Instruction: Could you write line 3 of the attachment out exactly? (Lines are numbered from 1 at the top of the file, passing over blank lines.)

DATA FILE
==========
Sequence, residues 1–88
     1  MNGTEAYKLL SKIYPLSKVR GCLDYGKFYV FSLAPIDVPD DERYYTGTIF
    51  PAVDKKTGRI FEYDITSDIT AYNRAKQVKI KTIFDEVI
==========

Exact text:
    51  PAVDKKTGRI FEYDITSDIT AYNRAKQVKI KTIFDEVI